What if it was you, in pain?
One day, not so long ago, my life changed. I woke up to pain and after four years that pain has never ceased and, has gotten steady worse. Four years ago I believed the worst part of my ordeal with pain to be over. Pain from Avascular Necrosis that took my left hip. But when I went to the doctor, it was decided not to be a return of AVN but something else. Something that would ultimately lead to two, new diagnoses added to an already long list of ailments and more pain.
It was already known I had Degenerative Disc Disease, Avascular Necrosis (Total Left Hip Replacement in ’10), Chronic Migraine, Irritable Bowel Syndrome (IBS-d) and Asthma. Now, there was Sacroiliac Joint Dysfunction, Rheumatoid Arthritis (Inflammatory and Psoriatic) and Fibromyalgia. I also struggle with Anxiety, OCD, PTSD and Bipolar disorder. So many things have seemingly short circuited in my body in such a short time. So many symptoms on any given day that it is a constant reminder that nothing is the same. The number one symptom that is ever present: pain.
Four years ago I started on Tylenol with codeine. Then I progressed to hydrocodone and Zohydro and Balbuca and Hydromorphone, to no degree of success. Now I am on Nucynta and I can make it through my day 40% of the time. The other 60% I am struggling. It’s hard and I cry a lot. But you know what? 40% is good and I am grateful for that. Without my medicine that 40% is gone. So I ask those doctors out there who want to take medicine away from patients- why? The opioid crisis?
I think I’ve read pretty much an Odyssey’s worth of information on the opioid “crisis.” And it is not that I do not believe it because I am a patient taking opioids, nor do I want to take away anything from those families who have lost someone to opioids, but in my opinion, it’s bad science. I have read the CDC report, I have read opinions, I have read opinions of doctors and of patients. In my opinion, it’s bad science because it lumps people together that do not have a problem and those that do and while I could get into my own observations, this isn’t what this is about. This is about the 126 million pain patients that are sitting on a very precarious ledge, not knowing if tomorrow they are going to be able to get their medication that gives them their 40% or 30% or 20%. Because no matter the percentage, it’s their bit of pain free or even just comfortable, that helps them get through the day.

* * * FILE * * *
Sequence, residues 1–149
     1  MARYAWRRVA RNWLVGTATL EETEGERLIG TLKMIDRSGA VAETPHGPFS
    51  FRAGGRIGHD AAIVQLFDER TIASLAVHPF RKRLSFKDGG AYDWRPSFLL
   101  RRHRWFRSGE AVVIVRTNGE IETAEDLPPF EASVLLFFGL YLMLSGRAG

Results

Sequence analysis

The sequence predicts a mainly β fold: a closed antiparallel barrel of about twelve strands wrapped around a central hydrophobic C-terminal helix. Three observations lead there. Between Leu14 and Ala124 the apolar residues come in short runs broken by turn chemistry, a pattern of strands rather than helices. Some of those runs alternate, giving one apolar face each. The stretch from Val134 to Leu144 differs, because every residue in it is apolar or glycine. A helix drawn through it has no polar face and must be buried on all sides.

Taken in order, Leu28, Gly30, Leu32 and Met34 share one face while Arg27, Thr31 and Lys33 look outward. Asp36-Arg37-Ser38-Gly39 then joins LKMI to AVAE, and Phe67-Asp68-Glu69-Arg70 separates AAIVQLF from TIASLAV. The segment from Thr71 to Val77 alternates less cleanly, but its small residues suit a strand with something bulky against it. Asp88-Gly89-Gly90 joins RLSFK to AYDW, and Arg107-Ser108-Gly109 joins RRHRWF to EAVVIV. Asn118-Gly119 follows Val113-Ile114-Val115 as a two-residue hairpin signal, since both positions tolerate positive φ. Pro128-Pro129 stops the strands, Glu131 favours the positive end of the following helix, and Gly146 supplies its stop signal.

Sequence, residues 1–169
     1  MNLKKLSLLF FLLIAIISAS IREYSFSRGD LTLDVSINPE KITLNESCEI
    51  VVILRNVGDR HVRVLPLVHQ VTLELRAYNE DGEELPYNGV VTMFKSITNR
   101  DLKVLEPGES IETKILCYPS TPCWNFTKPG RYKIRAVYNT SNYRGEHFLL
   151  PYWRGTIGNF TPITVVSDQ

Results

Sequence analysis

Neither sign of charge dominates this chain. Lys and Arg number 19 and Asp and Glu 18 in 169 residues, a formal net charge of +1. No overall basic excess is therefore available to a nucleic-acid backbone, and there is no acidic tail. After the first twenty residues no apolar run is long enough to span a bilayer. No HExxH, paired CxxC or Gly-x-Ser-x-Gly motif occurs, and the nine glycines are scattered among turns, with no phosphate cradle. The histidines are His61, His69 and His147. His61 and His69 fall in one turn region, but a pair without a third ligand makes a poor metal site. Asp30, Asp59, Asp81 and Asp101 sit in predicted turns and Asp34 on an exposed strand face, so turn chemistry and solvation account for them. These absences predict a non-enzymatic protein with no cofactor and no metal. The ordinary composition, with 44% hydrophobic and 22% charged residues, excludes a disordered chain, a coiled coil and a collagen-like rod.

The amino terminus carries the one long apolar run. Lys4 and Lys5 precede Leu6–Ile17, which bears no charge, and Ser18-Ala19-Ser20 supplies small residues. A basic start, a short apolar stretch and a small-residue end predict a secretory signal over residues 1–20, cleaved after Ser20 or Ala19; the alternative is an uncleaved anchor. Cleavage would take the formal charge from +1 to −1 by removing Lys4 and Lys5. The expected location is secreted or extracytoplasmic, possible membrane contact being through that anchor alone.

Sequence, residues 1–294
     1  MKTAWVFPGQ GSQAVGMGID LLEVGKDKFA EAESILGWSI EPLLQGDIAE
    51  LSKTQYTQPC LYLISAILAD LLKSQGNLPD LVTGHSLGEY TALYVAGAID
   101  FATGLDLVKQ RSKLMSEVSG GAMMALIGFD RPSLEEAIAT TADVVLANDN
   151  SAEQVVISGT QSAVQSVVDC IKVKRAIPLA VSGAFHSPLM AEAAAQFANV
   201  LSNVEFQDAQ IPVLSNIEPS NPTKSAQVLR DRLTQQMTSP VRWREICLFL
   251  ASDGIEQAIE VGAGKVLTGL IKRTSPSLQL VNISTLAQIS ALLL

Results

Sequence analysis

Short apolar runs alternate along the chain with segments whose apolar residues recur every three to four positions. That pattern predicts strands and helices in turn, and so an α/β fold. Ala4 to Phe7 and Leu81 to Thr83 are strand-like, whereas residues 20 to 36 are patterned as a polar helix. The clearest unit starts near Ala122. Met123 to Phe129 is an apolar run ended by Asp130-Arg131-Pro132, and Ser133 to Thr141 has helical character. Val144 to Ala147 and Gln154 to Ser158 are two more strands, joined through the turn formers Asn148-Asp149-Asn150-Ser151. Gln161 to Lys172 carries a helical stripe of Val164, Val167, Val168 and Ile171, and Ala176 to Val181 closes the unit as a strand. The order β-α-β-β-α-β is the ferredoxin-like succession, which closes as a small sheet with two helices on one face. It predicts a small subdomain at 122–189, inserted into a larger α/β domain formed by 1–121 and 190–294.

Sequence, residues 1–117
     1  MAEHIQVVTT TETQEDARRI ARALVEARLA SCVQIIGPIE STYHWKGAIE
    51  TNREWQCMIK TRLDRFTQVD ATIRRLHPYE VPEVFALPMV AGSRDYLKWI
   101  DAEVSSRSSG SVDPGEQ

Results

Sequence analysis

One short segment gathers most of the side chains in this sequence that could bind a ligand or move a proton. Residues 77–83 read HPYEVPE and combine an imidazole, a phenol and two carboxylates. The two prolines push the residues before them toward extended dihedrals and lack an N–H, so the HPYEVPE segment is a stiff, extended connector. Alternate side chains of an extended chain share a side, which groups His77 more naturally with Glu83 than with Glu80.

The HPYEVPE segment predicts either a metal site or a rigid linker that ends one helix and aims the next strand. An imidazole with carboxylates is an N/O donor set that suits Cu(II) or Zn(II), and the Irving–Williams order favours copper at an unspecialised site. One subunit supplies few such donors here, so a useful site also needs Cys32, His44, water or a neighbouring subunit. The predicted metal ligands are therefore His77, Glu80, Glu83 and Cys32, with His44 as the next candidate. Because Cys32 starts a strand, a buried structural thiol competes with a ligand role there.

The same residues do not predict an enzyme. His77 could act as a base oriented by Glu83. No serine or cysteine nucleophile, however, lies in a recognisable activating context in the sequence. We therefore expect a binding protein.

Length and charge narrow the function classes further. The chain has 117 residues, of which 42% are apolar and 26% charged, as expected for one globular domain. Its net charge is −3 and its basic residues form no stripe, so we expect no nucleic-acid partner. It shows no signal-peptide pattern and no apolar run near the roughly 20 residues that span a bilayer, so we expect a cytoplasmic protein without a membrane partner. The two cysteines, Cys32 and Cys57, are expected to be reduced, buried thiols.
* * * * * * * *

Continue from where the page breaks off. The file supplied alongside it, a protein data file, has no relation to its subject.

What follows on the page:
What if it was your son or daughter? Mother or father? What if…it was you I am not claiming I know anything other than what I read. But what if you could not practice your medicine? What if you were in too much pain day-to-day, to practice and see patients? I’m not a doctor, nor do I play one on T.V., but at 55% of the population, I’d be worried about myself and my future with regards to pain. If you had 55% of the population with Ebola, you’d be well on your way to epidemic and hysteria. This sounds like epidemic to me and so what are you doing about it? Taking patients’ medicine away. Their lifeline to that 40%. It’s not right. But oh well, right. Not you.
I would sit down one day and think about how you’d want your family to be treated if you found out they were living in day-to-day pain. How you would like your partner to be treated? Those closest to you. And when you have an answer, think about it really hard. Then, take a look at what is happening in the world, because I doubt very much it is what you thought. The world is on fire with this opioid scare and those patients in pain are the ones being sacrificed. I thought you took an oath to do no harm. Isn’t this harm?
Chronic Pain Patient